Today, a very big volcano. The University of Houston's College of Engineering presents this series about the machines that make our civilization run, and the people whose ingenuity created them.
The worst volcanic eruption in the past two million years took place in northwest Sumatra, 74,000 years ago. When Mount Toba blew, it spewed out ten billion tons of ash, and left a huge hole in the ground. Today, that hole is Lake Toba -- fifty-five miles long, twenty miles wide, and over 1600 feet deep. At the center is Samosir Island -- a lovely tourist spot and the largest island-within-an-island in the world.
One might think a volcanic eruption, so long ago, was rather like the philosophical tree falling in the philosophical forest. But it was not. The Toba eruption was the worst disaster the human race experienced -- even ahead of the 14th-century Plague.
Genetic anthropologist Stephen Oppenheimer is pretty certain that we modern humans began an emigration from East Central Africa about 85,000 years ago. By the time Mount Toba blew, we were across India, down the Malay Peninsula, into Sumatra and Java, across into Borneo, and up through Indochina into most of the China coast.
Then Mount Toba spewed two-thousand times as much ash as Mount St. Helens did. Ash covered all of India to a depth of at least a half foot, and to a depth over twenty feet in some places. But the entire world was devastated by the atmospheric ash. The result was a six-year "nuclear winter" followed by a thousand-year ice-age. The entire human species was devastated, and it was completely exterminated between Java and the present-day border of Iran.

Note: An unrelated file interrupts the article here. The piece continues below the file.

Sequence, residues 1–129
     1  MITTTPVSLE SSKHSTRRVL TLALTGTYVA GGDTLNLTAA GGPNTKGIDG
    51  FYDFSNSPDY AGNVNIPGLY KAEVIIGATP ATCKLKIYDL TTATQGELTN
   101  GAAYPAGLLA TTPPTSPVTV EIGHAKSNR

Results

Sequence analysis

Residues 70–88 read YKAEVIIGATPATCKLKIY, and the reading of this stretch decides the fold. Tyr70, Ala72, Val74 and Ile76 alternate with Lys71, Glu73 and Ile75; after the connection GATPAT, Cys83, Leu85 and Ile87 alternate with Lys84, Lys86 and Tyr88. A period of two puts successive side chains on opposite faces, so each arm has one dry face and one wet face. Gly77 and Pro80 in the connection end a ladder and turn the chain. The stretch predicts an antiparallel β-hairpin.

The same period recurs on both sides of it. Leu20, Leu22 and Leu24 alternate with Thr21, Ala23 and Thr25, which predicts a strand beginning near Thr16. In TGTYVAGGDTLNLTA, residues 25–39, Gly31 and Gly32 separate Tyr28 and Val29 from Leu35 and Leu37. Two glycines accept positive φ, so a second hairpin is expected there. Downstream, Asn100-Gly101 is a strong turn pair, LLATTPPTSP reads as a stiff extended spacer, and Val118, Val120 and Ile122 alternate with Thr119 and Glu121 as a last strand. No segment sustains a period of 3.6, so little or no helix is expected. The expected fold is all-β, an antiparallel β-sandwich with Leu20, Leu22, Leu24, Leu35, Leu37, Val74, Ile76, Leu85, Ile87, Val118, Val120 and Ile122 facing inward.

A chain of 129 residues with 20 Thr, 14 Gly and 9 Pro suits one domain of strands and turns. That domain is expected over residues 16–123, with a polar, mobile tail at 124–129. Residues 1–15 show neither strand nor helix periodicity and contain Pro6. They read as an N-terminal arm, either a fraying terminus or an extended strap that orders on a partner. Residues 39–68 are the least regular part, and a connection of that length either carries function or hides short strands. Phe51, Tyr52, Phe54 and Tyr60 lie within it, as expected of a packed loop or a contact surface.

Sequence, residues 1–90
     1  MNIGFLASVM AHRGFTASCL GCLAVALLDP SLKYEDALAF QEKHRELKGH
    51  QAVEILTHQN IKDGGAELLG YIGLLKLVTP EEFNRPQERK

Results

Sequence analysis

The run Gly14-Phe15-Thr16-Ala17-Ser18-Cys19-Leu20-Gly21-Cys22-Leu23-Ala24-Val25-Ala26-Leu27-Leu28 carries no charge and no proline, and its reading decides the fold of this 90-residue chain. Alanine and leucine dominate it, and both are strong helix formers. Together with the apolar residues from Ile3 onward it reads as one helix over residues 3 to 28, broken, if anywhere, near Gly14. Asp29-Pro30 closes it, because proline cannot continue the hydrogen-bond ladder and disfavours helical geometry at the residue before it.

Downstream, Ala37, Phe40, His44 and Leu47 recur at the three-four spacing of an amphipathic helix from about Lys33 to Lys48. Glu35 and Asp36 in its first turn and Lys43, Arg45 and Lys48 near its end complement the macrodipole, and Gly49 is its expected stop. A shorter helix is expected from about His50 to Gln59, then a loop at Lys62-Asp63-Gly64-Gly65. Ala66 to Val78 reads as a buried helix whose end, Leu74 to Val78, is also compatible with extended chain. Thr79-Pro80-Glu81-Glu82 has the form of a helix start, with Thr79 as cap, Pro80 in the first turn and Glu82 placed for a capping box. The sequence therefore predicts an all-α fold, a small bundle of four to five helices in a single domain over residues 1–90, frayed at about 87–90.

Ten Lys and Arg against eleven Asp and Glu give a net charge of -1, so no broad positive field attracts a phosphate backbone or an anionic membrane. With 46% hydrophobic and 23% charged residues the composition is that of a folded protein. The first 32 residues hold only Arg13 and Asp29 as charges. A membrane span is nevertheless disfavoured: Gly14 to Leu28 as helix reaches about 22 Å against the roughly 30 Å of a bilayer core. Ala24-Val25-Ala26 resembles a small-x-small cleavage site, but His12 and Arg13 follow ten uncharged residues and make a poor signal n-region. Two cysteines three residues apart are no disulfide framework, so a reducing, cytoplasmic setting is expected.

When human survivors finally recovered, they renewed their migrations. The now-separate Southeast Asian branch of humans spread down into northern Australia, eastward across New Guinea, as well as back toward India once again. The two human branches finally rejoined around India's southern tip.
These human migrations have been pieced together from limited information. Dating has been difficult, and human remains few, after so long a time. But the volcanic ash below the surface of the Kota Tampan area in central Malaysia has yielded fifty thousand or so stone artifacts made by the people smothered under the ashes.
Those tools were more primitive than African implements from that time. These people were still making so-called pebble tools, small stones shaped into elementary choppers, scrapers, and hand axes. However, the few survivors on the other side of Malaysia were the adventurers who continued into Australia and China.
What I take away from all this is a reminder of how vast time and nature are. At the end of February, 2007, the Horizons spacecraft passed Jupiter's moon Io. It sent back a photo of a huge volcano shooting debris two hundred miles above the surface.
That should be a poignant reminder that the inexorable immensity of nature is a wolf lingering close by our doors today, just as surely as she did 74,000 years ago.
I'm John Lienhard, at the University of Houston, where we're interested in the way inventive minds work.
For more on the migrations of modern humans out of Africa, see Stephen Oppenheim's site.
For more on Mount Toba, Lake Toba, and the Io eruption, see the Wikipedia article on LakeToba
Lake Toba (Images courtesy of Google Earth)